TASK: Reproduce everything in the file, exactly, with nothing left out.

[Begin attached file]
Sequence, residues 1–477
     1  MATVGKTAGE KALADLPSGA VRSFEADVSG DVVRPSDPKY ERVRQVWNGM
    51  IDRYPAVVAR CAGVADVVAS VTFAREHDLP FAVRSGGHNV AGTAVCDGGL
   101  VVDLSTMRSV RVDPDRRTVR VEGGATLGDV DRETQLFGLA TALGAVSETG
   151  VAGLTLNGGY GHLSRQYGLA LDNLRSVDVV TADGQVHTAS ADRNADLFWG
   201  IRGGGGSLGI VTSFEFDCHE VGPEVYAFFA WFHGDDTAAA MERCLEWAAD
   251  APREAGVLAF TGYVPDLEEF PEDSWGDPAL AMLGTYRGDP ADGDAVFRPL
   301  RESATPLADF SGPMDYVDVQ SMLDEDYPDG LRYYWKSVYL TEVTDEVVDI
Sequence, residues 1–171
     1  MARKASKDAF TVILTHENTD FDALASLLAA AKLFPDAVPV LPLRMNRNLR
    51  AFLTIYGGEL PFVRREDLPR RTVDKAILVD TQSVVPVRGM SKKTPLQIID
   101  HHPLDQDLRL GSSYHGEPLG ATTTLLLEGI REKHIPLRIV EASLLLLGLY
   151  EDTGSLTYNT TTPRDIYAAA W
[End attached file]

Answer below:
Sequence, residues 1–477
     1  MATVGKTAGE KALADLPSGA VRSFEADVSG DVVRPSDPKY ERVRQVWNGM
    51  IDRYPAVVAR CAGVADVVAS VTFAREHDLP FAVRSGGHNV AGTAVCDGGL
   101  VVDLSTMRSV RVDPDRRTVR VEGGATLGDV DRETQLFGLA TALGAVSETG
   151  VAGLTLNGGY GHLSRQYGLA LDNLRSVDVV TADGQVHTAS ADRNADLFWG
   201  IRGGGGSLGI VTSFEFDCHE VGPEVYAFFA WFHGDDTAAA MERCLEWAAD
   251  APREAGVLAF TGYVPDLEEF PEDSWGDPAL AMLGTYRGDP ADGDAVFRPL
   301  RESATPLADF SGPMDYVDVQ SMLDEDYPDG LRYYWKSVYL TEVTDEVVDI
Sequence, residues 1–171
     1  MARKASKDAF TVILTHENTD FDALASLLAA AKLFPDAVPV LPLRMNRNLR
    51  AFLTIYGGEL PFVRREDLPR RTVDKAILVD TQSVVPVRGM SKKTPLQIID
   101  HHPLDQDLRL GSSYHGEPLG ATTTLLLEGI REKHIPLRIV EASLLLLGLY
   151  EDTGSLTYNT TTPRDIYAAA W